Glass (2019) – Film Review
Director: M Night Shyamalan
Cast: James McAvoy, Bruce Willis, Samuel L Jackson
by Roger Crow / @RogerCrow
In 2000, fresh from the success of The Sixth Sense, M Night Shyamalan made Unbreakable, a brilliant spin on the fantasy genre which asked “What if superheroes were real and just didn’t know it?” It seemed like the first act of any superhero movie – the teaser for something bigger, like the first X-Men movie. It was begging for a sequel, but MNS seemed in no hurry.
So while he went off and made impressive offerings like Signs and The Village, fans wondered if they’d ever see an Unbreakable follow-up. Then, after what seemed like an age, along came Split, a brilliant psychological thriller which gave James McAvoy the role, or rather roles, of a lifetime. His turns as Crumb, a killer with multiple personalities, helped turn Split into a low budget blockbuster, and in the last few minutes it bridged the gap between MNS’s beloved 2000 movie and something bigger.
“Hefty action scenes”
So now we have Glass, what should be the final chapter in a trilogy, and for the most part it’s a compelling mix of smart writing, some hefty action scenes and compelling drama.
Like all great superhero epics, the more it’s grounded in reality, the more believable the fantasy is, and as ‘Superman in a raincoat’ David Dunn is locked up in a medical facility with the eponymous villain and schizophrenic Crumb, the scene is set for much analysis. It’s like watching a superhero movie in which the characters’ motives are assessed by a psychologist in a DVD commentary.
As before, McAvoy is phenomenal, jumping between multiple roles, and occasionally terrifying as the murderous head of his psychotic ensemble, The Horde. The Beast is once more an impressive creation, all growling malevolence and straining muscles. It’s hard to know whether it’s CG McAvoy, his face imposed onto a bodybuilder, or the real thing.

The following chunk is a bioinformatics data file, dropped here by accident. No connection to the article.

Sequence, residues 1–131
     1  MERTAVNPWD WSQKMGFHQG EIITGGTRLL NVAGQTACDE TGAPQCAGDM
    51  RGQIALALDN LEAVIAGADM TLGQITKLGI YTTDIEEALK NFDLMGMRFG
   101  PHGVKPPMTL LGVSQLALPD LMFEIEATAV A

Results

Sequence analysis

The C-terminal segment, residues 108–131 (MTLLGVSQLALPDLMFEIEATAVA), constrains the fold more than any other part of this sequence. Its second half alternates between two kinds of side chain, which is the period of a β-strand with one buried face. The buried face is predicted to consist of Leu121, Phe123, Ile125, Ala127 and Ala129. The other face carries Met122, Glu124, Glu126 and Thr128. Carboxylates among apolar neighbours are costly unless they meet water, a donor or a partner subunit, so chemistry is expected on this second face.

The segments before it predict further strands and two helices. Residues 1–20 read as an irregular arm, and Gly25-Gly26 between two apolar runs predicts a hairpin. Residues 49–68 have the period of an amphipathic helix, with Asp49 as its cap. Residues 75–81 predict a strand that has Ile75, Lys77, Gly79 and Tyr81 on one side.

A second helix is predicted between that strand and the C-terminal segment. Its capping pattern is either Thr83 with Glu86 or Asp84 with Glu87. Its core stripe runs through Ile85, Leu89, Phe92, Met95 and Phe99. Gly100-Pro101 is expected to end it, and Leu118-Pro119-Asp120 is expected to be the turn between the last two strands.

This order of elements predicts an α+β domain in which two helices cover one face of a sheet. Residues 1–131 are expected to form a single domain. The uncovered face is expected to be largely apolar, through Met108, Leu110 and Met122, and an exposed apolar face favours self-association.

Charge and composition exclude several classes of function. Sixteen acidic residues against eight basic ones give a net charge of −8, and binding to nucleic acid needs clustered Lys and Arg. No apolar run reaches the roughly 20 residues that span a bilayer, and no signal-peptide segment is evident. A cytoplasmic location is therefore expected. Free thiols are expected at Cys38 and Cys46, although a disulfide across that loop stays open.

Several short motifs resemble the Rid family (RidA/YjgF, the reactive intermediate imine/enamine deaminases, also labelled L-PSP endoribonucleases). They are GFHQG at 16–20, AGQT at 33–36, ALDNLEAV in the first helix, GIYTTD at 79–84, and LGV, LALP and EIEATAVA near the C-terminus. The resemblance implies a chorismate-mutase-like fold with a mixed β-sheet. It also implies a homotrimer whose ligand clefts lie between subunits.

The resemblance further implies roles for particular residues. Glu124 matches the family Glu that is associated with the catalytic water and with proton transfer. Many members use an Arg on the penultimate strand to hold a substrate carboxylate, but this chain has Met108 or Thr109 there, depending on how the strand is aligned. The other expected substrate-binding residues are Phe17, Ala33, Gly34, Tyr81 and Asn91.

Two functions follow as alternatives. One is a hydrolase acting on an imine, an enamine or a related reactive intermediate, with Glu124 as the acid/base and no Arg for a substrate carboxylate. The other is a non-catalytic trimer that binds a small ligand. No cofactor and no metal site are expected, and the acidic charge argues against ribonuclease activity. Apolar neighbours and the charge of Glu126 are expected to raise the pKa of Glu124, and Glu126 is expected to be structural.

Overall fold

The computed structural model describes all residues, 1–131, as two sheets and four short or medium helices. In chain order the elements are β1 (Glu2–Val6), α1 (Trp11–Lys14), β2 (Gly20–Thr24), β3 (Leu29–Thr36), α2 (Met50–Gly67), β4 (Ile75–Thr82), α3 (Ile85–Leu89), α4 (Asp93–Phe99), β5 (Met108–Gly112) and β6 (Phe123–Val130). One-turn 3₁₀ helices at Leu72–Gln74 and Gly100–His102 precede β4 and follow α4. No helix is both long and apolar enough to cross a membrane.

Meanwhile, Samuel L Jackson is as terrific as ever as the titular villain, a mostly trancelike character with brittle bones confined to a wheelchair. And after years of humdrum movies, Bruce Willis slots straight back into his role as Dunn, the gifted security expert who catches bad guys by getting vital psychic clues while having a fear of water.
The smart thing about Glass is it alludes to yet another showdown in a hi-tech skyscraper that seems plucked from any generic superhero offering, but doesn’t quite go down that path.
If there’s a fault it’s the third act which goes on a little too long, and a pay-off which seems slightly underwhelming, like MNS didn’t know how to end his movie. (We could have done without his cringeworthy cameo in Dunn’s shop – it goes on too long, though is thankfully not as damaging as Lady in the Water).
It’s great to see Unbreakable’s young star Spencer Treat Clark after all these years returning as son of Dunn, while Anya Taylor-Joy’s Casey is as mesmerising here as she was in Split.
So it’s not quite a runaway success but certainly light years ahead of MNS’s After Earth, or The Happening. And seen in a marathon viewing with Unbreakable and Split, it should leave many a genre fan satisfied.